To compound matters, even “straight” identity is trying to get subtle modifications in progressive thought media in allowing for some fluidity. Joe Kort, Ph.D, who is a certified sex therapist, relationship therapist and contributor to the Huffington Post wrote a recent article called “Why Some Straight Men Are Romantically or Sexually Attracted to Other Men”. Kort has all his bases covered in terms of pathology: sexual abuse, sex addiction… and my favorite simply titled “father hunger”. Something left out was, ummm, perhaps a dude might just be, well, a little gay? Shocking declaration, I know.
Now, I realize someone may say, “well jeez, I’ve been saying ‘I don’t believe in labels’ for so long that now I don’t know what I should say?” Try saying, “you know what, I’m not gay but, I get it” or “you know what, I’ve actually been with the same gender before and I didn’t die” or “I’m bisexual” or “I’m gay” or “I’m straight – but I’ve got your back”. Just a few ideas.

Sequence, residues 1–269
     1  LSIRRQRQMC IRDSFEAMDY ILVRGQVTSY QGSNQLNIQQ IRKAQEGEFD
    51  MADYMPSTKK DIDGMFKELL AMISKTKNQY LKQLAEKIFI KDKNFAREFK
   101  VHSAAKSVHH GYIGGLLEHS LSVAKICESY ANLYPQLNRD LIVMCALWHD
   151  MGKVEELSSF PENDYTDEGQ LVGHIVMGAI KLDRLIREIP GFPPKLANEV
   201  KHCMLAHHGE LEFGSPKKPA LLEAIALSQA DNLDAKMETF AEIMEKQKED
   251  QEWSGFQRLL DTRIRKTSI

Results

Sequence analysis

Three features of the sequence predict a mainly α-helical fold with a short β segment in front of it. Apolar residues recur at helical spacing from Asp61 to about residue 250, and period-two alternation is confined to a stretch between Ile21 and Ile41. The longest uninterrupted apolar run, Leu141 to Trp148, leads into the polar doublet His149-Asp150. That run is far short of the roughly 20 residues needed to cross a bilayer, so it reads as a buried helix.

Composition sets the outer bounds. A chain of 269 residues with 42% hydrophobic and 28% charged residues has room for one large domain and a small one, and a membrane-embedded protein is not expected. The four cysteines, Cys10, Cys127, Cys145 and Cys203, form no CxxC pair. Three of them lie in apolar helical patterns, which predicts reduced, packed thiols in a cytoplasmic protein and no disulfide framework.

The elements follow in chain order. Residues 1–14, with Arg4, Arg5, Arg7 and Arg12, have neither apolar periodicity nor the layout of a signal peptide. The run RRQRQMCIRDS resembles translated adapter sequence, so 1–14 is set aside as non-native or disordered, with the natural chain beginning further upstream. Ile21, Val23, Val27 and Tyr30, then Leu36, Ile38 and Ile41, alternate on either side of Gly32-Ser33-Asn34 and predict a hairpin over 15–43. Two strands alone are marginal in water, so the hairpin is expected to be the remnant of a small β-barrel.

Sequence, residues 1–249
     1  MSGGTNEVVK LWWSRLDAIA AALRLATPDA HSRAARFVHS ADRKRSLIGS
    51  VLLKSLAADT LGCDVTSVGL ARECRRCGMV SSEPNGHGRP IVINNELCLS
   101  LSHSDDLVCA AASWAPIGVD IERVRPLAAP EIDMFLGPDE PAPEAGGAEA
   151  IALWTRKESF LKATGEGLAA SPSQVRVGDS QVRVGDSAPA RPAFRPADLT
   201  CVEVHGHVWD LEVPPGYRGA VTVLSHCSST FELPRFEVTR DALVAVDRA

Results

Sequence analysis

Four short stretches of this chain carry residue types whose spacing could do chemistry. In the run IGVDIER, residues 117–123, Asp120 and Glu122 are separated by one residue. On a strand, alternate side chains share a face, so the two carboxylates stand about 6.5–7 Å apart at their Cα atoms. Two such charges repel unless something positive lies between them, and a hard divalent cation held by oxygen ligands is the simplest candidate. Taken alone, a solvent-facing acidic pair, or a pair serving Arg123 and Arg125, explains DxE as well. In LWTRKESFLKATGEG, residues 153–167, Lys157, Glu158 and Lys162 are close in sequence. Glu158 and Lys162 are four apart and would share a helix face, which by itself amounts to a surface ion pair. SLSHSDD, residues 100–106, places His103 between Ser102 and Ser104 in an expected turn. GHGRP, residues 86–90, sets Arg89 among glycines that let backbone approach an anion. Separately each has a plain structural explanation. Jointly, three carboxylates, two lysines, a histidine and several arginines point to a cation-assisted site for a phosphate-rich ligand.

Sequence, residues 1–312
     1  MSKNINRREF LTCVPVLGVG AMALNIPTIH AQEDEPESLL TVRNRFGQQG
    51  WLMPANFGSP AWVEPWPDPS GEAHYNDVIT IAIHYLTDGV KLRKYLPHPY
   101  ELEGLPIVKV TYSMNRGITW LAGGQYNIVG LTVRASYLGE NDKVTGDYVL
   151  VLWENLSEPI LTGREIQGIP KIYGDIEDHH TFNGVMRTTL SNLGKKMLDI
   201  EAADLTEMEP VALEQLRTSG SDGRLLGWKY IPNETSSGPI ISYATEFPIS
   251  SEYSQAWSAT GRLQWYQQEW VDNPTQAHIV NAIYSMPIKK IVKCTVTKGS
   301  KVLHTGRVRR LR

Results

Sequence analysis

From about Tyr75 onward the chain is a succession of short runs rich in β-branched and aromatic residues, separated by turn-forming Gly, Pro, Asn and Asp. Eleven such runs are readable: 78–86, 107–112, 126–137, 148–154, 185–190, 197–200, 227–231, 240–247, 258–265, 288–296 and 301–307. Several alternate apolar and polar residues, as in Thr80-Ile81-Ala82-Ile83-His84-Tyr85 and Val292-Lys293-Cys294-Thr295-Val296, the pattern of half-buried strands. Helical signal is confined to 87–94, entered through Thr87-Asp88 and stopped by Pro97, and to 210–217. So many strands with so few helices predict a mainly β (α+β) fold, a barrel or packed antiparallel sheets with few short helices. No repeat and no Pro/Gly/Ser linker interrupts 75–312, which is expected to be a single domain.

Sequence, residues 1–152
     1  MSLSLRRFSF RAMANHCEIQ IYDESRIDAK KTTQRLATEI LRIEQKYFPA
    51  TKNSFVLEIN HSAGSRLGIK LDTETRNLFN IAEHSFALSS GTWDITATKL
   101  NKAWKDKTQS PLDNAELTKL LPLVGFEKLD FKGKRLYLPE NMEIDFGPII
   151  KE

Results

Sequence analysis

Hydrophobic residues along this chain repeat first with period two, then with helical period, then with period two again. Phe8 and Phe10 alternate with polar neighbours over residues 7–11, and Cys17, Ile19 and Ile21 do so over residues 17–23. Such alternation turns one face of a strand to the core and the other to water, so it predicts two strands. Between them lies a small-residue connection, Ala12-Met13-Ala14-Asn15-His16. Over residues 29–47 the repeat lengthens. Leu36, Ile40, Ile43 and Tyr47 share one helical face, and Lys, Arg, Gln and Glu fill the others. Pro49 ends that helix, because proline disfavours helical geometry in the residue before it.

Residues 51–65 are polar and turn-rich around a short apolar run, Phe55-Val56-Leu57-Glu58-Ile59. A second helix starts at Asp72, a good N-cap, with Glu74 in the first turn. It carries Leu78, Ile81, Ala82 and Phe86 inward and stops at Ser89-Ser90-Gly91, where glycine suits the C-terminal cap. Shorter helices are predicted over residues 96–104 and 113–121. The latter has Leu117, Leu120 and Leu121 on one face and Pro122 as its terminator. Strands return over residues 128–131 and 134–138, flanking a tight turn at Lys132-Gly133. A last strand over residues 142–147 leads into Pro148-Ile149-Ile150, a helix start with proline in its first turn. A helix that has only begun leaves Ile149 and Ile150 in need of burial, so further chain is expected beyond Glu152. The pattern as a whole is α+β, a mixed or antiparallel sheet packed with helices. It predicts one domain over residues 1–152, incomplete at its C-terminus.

If you want a more open America, try opening that door yourself… my friend.
Because the vagueness, especially if there is a romantic entanglement, is a form of bullying. It’s picking the status of being sympathetic or a martyr over being honest… being real.
How can we get real change and fight for human rights if people are just… well… bullshitting each other?
“I don’t believe in labels”… well, I do.
To take things a step further, most of us aren’t even having that conversation of who we are sexually. According to computational neuroscientists Ogi Ogas and Sai Gaddam, authors of A Billion Wicked Thoughts: What the World’s Largest Experiment Reveals About Human Desire, the top five most googled forms of porn are: youth, gays, sexy mothers, breasts and cheating wives. These forms of porn are all very specific. People are specifically labeling WHAT it is they want to see. Whether it’s a naughty housewife pleasing a fraternity of men, or a fraternity of men pleasing each other, people are at least INTERESTED in all forms of sex… and all kinds of sex.
Labels… it’s something we google… we’re all about… labels.
So until that day that we aren’t label whores, there is no discrimination, and LGBT couples can get married in all 50 states… until that day, try figuring out what label best describes you… cause I already get that you’re human.
With nothing but love… Ginger.